So it looks like an RR set at 14.5v isn't quite ideal for either type of battery but could cope with both SLA and Lithium without damageing either so long as it's a quality one (i.e. swift to respond to voltage spiking outside that value).

Now my battery choice has a built in BSM (battery management system) which affords an extra degree of protection against brief periods of too hi or too low voltages for an RR operating normally (though not 100% bullet proof against RR failure).

The final piece of the picture therefore I think is to ensure the RR can cope with sustained hi RPMs without failure (bearing in.mind our BB's, are Jap "screaming crotch rockets" who red line at 11k rpm not USA "Hardly Dangerous" low reving easy riders). So for example FH020AA (mosfet parallel shunt) and SH847 (SCR series shunt) can whereas an SH775 can't and is reported as prone to fail at hi RPMs.

Gosh… who knew this was so intricate a selection process!
 

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Well Mallow
I'll add a one real world experience. I have on 2 occasions deep cycled my shoria. once with the SH12 and again with the 847. It's still I. here and working. I do on occasions see 14.7 on my volt meter. But my amps at freeway will actually swing negative. This leads creadance to your observations of the R/R uncoupling. I saw the same action out of the SH12. It doesn't go a large negative typically at 42 4500 rpm it's - 3.5 to - 3.7 amps. Total draw on the system as I have it configured is 11 amps. The SH12 would do the same, at lower surface streets it will swing closer to zero. This leads creadance to the postulation again that it uncouples to the demand. My reasoning based on the 2 meters readings is that I see amperage dropping less negative because stator output drops off at lower rpm. But myvoltage stays rock solid at 14.6.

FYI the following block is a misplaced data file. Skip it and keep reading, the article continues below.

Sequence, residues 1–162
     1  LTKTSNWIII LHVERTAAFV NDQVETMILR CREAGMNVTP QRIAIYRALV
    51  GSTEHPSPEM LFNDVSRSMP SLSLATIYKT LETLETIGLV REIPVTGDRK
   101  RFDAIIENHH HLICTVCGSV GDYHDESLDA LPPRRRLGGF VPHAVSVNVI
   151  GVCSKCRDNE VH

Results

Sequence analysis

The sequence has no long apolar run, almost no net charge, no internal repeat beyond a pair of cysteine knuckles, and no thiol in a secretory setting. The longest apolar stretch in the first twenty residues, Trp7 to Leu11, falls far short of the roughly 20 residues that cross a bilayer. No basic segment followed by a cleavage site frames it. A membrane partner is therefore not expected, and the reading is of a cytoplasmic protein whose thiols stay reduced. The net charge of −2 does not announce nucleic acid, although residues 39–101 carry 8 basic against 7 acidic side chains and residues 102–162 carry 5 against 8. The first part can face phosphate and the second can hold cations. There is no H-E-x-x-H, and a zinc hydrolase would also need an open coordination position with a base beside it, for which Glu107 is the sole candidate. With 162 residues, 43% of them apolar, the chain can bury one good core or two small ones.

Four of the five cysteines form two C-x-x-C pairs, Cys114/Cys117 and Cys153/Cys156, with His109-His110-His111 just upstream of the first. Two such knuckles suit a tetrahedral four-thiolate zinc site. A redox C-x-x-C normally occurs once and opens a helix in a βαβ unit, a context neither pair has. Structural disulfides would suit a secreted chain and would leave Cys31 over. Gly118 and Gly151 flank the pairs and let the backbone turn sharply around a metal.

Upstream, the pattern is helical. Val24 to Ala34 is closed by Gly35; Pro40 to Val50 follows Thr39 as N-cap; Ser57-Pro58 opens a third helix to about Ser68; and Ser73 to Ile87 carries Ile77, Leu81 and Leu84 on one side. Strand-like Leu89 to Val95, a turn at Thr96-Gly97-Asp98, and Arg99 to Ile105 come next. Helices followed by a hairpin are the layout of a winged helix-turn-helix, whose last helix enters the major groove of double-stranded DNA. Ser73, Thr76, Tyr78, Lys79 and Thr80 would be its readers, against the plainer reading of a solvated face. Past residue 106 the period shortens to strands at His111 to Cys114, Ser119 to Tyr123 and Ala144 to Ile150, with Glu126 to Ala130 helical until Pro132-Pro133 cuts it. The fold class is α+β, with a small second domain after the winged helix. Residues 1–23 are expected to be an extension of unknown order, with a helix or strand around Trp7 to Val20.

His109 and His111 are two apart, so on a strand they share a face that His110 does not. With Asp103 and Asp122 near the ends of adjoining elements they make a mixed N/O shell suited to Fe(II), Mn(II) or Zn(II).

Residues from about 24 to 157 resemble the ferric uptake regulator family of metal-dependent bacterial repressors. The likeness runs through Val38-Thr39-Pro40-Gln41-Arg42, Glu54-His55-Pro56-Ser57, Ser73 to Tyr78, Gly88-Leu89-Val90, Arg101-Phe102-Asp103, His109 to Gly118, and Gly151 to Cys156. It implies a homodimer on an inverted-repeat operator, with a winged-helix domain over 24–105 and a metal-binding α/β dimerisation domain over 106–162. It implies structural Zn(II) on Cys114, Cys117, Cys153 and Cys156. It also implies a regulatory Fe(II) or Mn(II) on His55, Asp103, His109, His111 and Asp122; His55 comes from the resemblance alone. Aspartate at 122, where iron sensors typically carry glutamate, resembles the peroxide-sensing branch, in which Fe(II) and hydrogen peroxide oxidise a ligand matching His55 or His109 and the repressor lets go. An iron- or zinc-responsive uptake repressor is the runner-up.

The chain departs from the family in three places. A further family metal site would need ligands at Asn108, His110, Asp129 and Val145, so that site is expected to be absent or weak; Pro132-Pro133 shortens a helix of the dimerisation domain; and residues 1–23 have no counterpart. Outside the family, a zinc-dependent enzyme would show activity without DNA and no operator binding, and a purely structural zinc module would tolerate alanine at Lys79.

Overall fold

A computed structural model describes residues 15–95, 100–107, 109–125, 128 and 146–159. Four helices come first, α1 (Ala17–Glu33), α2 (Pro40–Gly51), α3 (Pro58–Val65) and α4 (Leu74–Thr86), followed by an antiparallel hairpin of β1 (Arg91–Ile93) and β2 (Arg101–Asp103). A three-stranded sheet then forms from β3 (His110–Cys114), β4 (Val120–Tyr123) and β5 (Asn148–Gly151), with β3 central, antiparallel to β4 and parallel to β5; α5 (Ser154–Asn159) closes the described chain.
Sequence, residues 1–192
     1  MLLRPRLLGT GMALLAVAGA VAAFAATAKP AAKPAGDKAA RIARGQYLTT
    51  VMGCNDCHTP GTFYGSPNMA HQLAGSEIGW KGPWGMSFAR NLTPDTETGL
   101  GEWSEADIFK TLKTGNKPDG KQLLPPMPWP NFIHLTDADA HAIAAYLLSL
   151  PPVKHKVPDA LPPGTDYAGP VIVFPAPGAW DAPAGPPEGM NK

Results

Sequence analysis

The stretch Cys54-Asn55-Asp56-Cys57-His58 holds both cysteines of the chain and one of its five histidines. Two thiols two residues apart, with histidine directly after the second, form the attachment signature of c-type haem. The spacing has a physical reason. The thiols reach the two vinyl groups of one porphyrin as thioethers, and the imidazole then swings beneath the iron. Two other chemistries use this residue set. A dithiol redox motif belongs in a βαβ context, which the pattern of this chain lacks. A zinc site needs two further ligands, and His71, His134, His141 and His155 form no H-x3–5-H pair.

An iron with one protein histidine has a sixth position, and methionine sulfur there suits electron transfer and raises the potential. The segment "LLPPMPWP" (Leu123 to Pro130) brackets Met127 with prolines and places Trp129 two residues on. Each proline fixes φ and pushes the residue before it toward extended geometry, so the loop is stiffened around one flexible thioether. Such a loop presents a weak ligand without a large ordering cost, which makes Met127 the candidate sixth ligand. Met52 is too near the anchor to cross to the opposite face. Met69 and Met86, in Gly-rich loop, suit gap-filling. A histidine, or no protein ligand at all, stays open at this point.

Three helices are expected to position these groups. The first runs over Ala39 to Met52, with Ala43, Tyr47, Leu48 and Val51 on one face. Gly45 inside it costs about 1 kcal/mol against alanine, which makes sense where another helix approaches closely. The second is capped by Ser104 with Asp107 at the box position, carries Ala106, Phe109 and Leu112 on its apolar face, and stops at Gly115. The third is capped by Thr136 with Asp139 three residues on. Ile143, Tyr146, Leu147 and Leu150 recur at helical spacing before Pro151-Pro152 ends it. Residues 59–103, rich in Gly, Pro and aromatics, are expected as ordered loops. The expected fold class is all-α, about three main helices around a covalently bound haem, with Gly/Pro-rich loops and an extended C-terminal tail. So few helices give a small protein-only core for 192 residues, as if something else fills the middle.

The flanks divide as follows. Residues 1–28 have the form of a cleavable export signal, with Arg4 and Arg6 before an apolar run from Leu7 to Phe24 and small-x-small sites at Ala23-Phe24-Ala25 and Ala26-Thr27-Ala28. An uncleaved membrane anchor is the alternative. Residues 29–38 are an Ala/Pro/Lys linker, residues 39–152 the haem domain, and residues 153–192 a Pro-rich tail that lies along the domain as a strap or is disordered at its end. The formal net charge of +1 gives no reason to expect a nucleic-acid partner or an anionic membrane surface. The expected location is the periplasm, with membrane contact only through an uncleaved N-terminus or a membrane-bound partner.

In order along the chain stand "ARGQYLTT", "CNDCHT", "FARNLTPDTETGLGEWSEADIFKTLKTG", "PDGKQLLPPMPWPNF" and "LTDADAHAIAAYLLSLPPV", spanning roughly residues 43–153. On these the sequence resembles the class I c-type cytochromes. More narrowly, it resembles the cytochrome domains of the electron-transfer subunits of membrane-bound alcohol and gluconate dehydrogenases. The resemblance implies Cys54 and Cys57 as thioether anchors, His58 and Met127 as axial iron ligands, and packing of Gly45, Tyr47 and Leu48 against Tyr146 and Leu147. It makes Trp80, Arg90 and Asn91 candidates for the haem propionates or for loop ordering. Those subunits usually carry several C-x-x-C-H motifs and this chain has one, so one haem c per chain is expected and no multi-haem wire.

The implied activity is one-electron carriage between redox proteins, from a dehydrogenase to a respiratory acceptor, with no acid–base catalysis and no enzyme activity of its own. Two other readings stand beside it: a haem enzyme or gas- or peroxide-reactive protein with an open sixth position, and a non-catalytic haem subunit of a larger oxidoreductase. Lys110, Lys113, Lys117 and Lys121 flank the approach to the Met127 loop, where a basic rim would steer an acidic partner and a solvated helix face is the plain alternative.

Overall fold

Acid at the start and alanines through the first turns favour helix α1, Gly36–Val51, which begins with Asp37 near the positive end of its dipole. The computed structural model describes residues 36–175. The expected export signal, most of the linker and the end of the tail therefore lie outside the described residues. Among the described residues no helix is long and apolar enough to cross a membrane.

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Discussion Starter · #19 ·
So far the SH847 still seems to be undisputed top dog.

Great to hear your real-world observations are in line with the info I'm digging up to educate myself before I splash more cash.

It's even proving hard to find alternative series r/r units to compare the SH847 against. I do now think the "Hot Shot Series" label on the Rick's units I looked at refers to the range of products not the tech (series v shunt).

So pleased your typos get as bad as mine😱! I tend to have to repeatedly edit my posts ten fold to make them vaguely readable from my initial fat finger typos, auto corrects and just bad spelling! I need another 🍺🍷🥃